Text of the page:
Helena stumbled from the sofa into the bathroom, vomiting the booze she ingested for breakfast. She did not intend to sleep as long as she did, so she had to hurry if she wanted to catch the next bus out of Sawyer.
“Let’s go.” She yanked the kids by their shirt collars and pushed them out to the porch.
“Hey, I need you to watch this little shit for a few hours; I have something important to do.” She shoved Austen at the tall, blond teenager who lived next door with his mother.
“Whoa, hold on a minute, when will you be back? I have a summer job, and I can’t be late.”
“Look, if I’m not home before you need to leave, sit the brat out here by the door. He knows to stay put when you tell him, or he gets his ass whipped.” She grabbed Aiden by the arm, pulling him down the steps behind her. “Come on, we don’t have much time.”
Spencer Brittingham hated the nasty woman. She always yelled at the twins, and based on the ever-present bruises, smacked them around whenever they got in her way. He looked down at Austen, who had not moved from his spot and wondered when this kid last ate a decent meal. “I bet you’re hungry, aren’t you? Let’s go inside, we can share some toast with grape jelly.” Austen’s chocolate brown eyes lit up, and he nodded his head in agreement. “Where did your Mommy take Aiden?”
The child did not answer, just shrugged his shoulders.
“That’s okay, you don’t have to tell me.” A knot formed deep in his gut; something was not right. He rarely saw Helena spend time with her boys, and she sure as hell never took them anywhere.
Ray walked in around eleven fifteen that night to find Helena sitting at the kitchen table. She was drinking her whiskey straight from the bottle and smoking a joint. Several more bottles of whiskey sat next to the sink.
“Where did all this booze come from? Did you buy all this shit instead of food?”
She looked up, her lip curled in a sneer. “No, I didn’t spend any of your money, I spent my own.” Standing up, she balanced herself with one hand on the back of the chair while digging in her pants pocket, producing his ten-dollar bill. “Here’s your lousy ten, so shut your fat mouth and leave me the hell alone.” She clasped the joint between her lips, picked up a bottle of whiskey, and then walked the few steps from the table to the sofa. “Does it bother you to know you’re nothing but a worthless, ugly old goat?” she laughed at him.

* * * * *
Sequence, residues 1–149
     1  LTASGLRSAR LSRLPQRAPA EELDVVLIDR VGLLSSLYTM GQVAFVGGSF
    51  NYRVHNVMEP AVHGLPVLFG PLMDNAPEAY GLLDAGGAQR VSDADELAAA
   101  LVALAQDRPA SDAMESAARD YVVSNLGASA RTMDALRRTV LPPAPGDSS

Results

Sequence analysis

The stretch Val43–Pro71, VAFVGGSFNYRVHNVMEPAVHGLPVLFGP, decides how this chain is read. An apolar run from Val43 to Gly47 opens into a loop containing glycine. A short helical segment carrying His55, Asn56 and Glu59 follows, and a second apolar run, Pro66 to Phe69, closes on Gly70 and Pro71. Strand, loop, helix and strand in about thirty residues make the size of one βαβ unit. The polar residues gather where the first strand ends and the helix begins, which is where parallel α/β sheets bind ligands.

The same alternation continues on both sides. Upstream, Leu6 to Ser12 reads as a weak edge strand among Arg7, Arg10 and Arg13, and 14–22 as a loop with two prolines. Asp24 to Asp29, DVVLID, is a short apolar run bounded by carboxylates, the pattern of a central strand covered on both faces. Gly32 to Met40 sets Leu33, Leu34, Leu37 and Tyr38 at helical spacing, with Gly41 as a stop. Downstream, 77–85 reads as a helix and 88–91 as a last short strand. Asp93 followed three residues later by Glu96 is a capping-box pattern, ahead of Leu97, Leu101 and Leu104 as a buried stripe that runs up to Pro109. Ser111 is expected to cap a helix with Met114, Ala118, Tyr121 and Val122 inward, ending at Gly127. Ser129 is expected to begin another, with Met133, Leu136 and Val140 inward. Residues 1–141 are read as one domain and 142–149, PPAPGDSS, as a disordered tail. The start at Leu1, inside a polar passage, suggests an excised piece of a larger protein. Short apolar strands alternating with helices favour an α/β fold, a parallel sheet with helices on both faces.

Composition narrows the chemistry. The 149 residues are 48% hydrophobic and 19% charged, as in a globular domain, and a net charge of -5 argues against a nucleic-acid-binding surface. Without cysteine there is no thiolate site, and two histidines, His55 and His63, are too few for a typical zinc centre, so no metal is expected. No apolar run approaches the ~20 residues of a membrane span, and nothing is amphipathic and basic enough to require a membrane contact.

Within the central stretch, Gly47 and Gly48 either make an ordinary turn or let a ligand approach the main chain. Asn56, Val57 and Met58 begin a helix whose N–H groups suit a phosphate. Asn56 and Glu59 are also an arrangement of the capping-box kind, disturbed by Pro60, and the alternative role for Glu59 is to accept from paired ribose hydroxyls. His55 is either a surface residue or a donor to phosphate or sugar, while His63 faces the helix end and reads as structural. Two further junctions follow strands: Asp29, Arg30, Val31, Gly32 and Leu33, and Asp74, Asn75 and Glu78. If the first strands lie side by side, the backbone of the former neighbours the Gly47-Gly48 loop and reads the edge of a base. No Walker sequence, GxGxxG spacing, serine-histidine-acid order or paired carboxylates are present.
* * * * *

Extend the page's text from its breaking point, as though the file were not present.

“You disgust me, but I can’t help but to pity you.”
“I don’t want or need your pity, Bozo. You see, I’ve discovered a way to get lots of cash.” She leaned her head back laughing and then swallowed another mouthful of whiskey.
“Well, make sure you invest part of it in a sturdy broom so you can fly out of my life permanently. The twins and I don’t need you.”
Ray went to check on the boys. He crept across the room, avoiding the familiar areas where the floorboards creaked and moaned. It was dark and stuffy, even with the windows open; just enough moonlight filtered through the window for him to see that Aiden was not in the bed.
“Austen.” He gently shook the boy awake. “Where’s your brother?”
“I don’t know Daddy.” He sat up, rubbing the sleep from his eyes. “He didn’t come back with Mommy today.”
“Where did they go?” he whispered.
“I don’t know. Mommy said he better be extra special nice to the man and do what he tells him.”
A sickening feeling washed over Ray along with an unthinkable image in his mind. He knew Helena was hateful, but never thought she would sink to this level of evil.
“You go back to sleep son, everything will be okay; I promise.” He kissed the top of his head and sat on the threadbare mattress for several minutes until Austen fell asleep. Before he confronted her, he needed time to compose himself. Ray stood in front of the window and looked up at the full moon wondering how this would play out. He was not a religious man but liked to believe God or some unseen deity would guide him through this turmoil. “Please, if you can hear my prayer, keep my boy safe. Don’t let them hurt him.”